The government has been unable to outline what legal rights a Gender Recognition Certificate bestows. In 2018, the Equality and Human Rights Commission issued a clarification statement which said:  “A trans woman who does not hold a GRC and is therefore legally male would be treated as male for the purposes of the sex discrimination provisions, and a trans woman with a GRC would be treated as female. The sex discrimination exceptions in the Equality Act therefore apply differently to a trans person with a GRC or without a GRC.” However the statement went on to say the relationship between the GRA and the Equality Act was complex. A recent analysis of the relationship between the Equality Act and the GRA (Komorowski, 2020) was published in the Journal of the Law Society of Scotland.  Komorowski argued that under the Equality Act, having a particular sex must mean being born that sex, or else having acquired a GRC – and that there was scope to argue about when the Act included the second group in that term. He concluded “before we change the law, we ought to understand what effect the current Act has.”  The government consultation paper does not discuss how acquiring a GRC affects a person’s legal rights of access to single sex services and occupations, and therefore their rights in relation to other people using the relevant services, particularly women. Without knowing how acquiring a GRC affects a person’s legal rights, it is hard to see how people can give informed comment on proposals that will lower the barriers for access to a GRC and widen the eligible number and range of people.

Privacy and dignity matter as well as safety

The draft Equality Impact Assessment makes no reference at all to women’s desire for privacy and dignity or their human right to consent to people with male anatomy seeing them in a state of undress, for example. Given that the Equality Act gives women this legal protection, it is remiss that the Scottish Government fail to take account of it in the consultation.  The only way to evaluate how women feel about their consent being sought or their privacy being compromised is to ask them. The Scottish Government have not asked women how they feel about this change. However the Women’s and Girls in Scotland survey did ask 2000 women their views. An overwhelming majority said they would not feel happy about sharing intimate spaces with people born male who self-identified as female.

The law will extend the legal right of any male to conceal their past history and previous identity

The Gender Recognition Act 2004 gives those who obtain a Gender Recognition Certificate powerful privacy protections. As well as changing the sex on their birth certificate they can change other information, such as names, which would reveal their previous identity. An organisation which reveals a GRC holder’s previous identity can be committing a criminal offence. The Scottish Government intends to preserve this protection in the reformed legislation, even though the group of people who will benefit from it will be expanded considerably, to include those who have not had medical treatment or diagnosis.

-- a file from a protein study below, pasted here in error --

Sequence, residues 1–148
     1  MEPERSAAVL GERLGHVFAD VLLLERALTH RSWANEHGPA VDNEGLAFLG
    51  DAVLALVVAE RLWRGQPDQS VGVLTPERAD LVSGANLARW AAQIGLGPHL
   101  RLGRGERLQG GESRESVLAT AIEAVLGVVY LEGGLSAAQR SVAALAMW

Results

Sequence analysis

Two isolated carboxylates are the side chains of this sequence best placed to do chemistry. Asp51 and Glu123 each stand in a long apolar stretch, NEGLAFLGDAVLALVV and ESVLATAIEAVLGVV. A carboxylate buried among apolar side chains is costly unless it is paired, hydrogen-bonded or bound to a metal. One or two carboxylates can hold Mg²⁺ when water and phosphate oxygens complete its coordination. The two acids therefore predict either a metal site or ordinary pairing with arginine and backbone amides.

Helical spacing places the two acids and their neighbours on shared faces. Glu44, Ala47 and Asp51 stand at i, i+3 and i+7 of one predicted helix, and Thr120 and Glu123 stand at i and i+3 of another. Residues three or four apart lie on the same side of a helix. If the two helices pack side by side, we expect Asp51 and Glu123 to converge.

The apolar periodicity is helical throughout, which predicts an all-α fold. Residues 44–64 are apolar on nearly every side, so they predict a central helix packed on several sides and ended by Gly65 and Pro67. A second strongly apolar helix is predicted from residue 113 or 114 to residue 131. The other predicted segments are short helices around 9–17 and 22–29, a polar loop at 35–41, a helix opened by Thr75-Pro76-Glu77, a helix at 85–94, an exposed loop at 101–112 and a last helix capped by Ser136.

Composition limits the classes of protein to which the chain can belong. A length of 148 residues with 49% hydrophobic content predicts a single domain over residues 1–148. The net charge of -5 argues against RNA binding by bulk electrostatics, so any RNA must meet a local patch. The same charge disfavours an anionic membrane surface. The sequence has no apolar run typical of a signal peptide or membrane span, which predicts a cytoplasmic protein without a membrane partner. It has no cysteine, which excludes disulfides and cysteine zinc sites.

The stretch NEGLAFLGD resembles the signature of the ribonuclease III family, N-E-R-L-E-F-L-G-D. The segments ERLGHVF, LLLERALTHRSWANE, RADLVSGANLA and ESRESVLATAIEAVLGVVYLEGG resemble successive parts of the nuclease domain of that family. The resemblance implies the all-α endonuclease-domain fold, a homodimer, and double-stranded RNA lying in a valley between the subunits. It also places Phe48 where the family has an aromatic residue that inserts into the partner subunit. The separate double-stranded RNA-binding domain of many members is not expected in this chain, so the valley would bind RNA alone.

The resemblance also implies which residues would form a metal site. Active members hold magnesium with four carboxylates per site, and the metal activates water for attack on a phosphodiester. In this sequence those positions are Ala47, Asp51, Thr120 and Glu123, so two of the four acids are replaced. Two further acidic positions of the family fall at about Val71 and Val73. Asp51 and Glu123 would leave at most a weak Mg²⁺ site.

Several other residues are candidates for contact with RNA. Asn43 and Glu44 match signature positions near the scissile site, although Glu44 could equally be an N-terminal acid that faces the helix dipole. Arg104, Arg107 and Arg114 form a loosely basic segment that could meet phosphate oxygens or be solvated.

As previously noted, the gate-keeping presently conducted by the Gender Recognition Panel will cease completely if the law is changed. The Scottish Government has made no assessment of the work of the current Gender Recognition Panel. They have conducted no analysis of who is currently refused a GRC and on what grounds. It would be interesting to know if the GRP refuses to grant legal sex change on the grounds that this could present a risk either to the applicant or the public. As Murray Blackburn MacKenzie say:  “The [consultation] paper does not discuss how far a provision originally designed to protect the privacy of a very small group, understood to comprise largely people whose transition would otherwise be likely to go undetected, is equally appropriate for a group many times larger, comprising people the extent of whose transition is likely to be more variable, and access to which includes no external gatekeeping. 

There are many reasons why someone might need to know about a person’s past life, even where that person has no criminal convictions. However in the case of disclosure of criminal convictions, the consultation paper is not at all reassuring.  

The Scottish Government, in the consultation paper, makes clear that in applying for a disclosure certificate, the applicant need not reveal their previous identity to a prospective employer. Instead the applicant must voluntarily go to Disclosure Scotland and share their previous name and identity so an accurate check may take place. This system relies entirely on self-reporting. It will work for those with nothing to hide. But it will not provide adequate safeguards against a previous offender who, as a result of the far lower bar introduced by the legislation, will be able to change their sex and their identity without question as there will be no gate-keeping. (MBM GRA Reform Assessment page 8) given that sex offenders are known to be manipulative, it is in our view unrealistic and reckless to assume that person with a history of male violence/abuse will volunteer information in this way.